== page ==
transmitted by the Bailiff through the Lieutenant-Governor to Her Majesty in Council, it receives the Sanction of
the Sovereign or refused sanction.
The States exercise legislative power by way of Ordinance. It was exercised by the Royal Court
until 1948 when the powers and functions of a legislative nature were transferred to the States by the Reform
(Guernsey) Law 1948.
Ecclesiastical legislation: The Church of England in Guernsey is part of the Diocese of Winchester,
having been finally transferred from the Diocese of Coutances by an Order in Council of 11th March, 1569. The Dean
of Guernsey and the Rectors are appointed by the Crown.
Guernsey Offices: The offices held in Guernsey are:
1) Crown appointments:
A) Lieutenant-Governor (a Governor was appointed in earlier times as an honour “Governor”, but he usually lived in
England, requiring the need for a Lieutenant-Governor). The Lieutenant-Governor is Her Majesty’s personal
representative in the Bailiwick and is appointed by the Sovereign by Royal Warrant under the Sign Manual.
B) The Bailiff is the Island’s chief citizen and representative. The Bailiff is appointed by the
Sovereign by Letters Patent under the Great Seal of the Realm and holds office during Her Majesty’s Pleasure
subject to a retiring age of seventy years. He is President of the States of Election, President of the States of
Deliberation, President of the Royal Court, President of the Court of Appeal and head of the administration.
C) Deputy Bailiff: Same as the Bailiff, acting as Bailiff in absence, incapacity or vacancy of the
D) Lieutenant-Bailiff: The office of the Lieutenant-Bailiff rest on the power, conferred in the Letter Patent
appointing the Bailiff, to appoint a deputy or deputies. The Royal Court is presided over by the Lieutenant-Bailiff
in the absence of the Bailiff and the Deputy Bailiff. The practice is for the Bailiff to appoint four
Lieutenant-Bailiffs, one for each quarter of the year.
E) The Greffier: is Clerk in the Royal Court and Clerk to the States.
F) The Sheriff: Appointed by the States Appointments Board and may not be dismissed from office
otherwise than by Her Majesty. The Sheriff is responsible for executing judgments and sentences of the Royal Court
and of the Magistrate’s Court. The Sheriff is an officer of the Royal Court and of the Magistrate’s Court and the
States of Deliberation and the States of Election.
G) The Sergeant.
H) Receiver-General (collection of dues to the Crown) are other crown appointments.
The Law officers of the crown, Appointed by the Crown by Royal Warrant under the Sign Manual, are:
1) the Procureur (Attorney-General) and II) the Comptroller (Solicitor General).
2) The Jurats.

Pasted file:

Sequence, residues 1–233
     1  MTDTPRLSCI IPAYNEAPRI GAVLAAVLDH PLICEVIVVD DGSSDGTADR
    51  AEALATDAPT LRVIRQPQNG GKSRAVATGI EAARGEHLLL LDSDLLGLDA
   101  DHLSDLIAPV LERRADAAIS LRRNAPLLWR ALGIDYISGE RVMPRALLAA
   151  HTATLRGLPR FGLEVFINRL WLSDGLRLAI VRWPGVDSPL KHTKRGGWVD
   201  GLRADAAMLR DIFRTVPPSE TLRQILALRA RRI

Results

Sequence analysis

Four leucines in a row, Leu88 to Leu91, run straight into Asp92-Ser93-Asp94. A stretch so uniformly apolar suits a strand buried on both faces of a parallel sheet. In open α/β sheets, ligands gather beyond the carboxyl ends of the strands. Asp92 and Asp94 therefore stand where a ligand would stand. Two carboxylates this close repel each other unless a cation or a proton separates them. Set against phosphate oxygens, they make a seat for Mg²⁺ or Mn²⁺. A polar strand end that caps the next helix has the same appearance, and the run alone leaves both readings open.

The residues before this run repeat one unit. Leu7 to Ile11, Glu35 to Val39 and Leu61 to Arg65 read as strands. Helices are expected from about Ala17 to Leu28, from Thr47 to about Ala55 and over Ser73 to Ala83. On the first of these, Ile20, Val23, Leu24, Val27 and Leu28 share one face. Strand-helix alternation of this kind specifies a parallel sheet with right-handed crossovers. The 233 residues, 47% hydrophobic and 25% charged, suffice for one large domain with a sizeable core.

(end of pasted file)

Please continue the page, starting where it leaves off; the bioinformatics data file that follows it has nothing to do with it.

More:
The twelve Jurats are appointed by the States of Election, after due election.
The Courts: The Royal Court sits as a Court of Chief Pleas, a Full Court, an Ordinary Court, or as the Court of
There are also: The Court of Appeal, The Magistrates’s Court, The Ecclesiastical Court and the
States of Guernsey (States of Deliberation, they are the legislature and the government of Guernsey).
Other Fief Powers
Each fief produced periodically (one each generation usually) the “Livre de perchage”, a publication where the
different lands were described and owners identified. The “Livres de perchage” constitute one of the most singular
references in Guernsey history [A complete report of the dates of “Livres de Perchage” may be found in Appendix II
of “The fiefs of the Islands of Guernsey. By A. H. Ewen. La societe Guernesiaise. Report and transactions. Offprint
1961]. This “Livre de perchage” was compiled by a “Douzaine” of (12) tenants of the fief appointed by the Seigneur
and sworn in by the Royal Court. The interval between successive revisions was supposed to be 20 years although
many times it was greater.
The “Livre de perchage” included properties, owners and extensions of lands (bouvées).
A residual of the old uses still remains nowadays and if land or property change hands in Guernsey
the conveyance must include the name of the fief where the property is located.
The Seigneur was also entitled to payment for his permission (congé) when property on the Fief
changed hands for payment. This payment now goes to the Crown (see above history).
Constitutional Position of the Channel Islands
According to with Sir John Loveridge, Bailiff of Guernsey from 1973 to 1982, “the Channel Islands,
of which the Bailiwick of Guernsey forms part, occupy an unusual position in Her Majesty’s possessions for they are
not part of the United Kingdom nor are they sovereign states or colonies...
They are part of Her Majesty’s possessions with insular legislatures, judiciaries and executives,
but Her Majesty’s Government of the United Kingdom is responsible for their defence and international
Some Remarks on the Constitution of Guernsey, One of the
Channel Islands ...
By Thomas Fiott De Havilland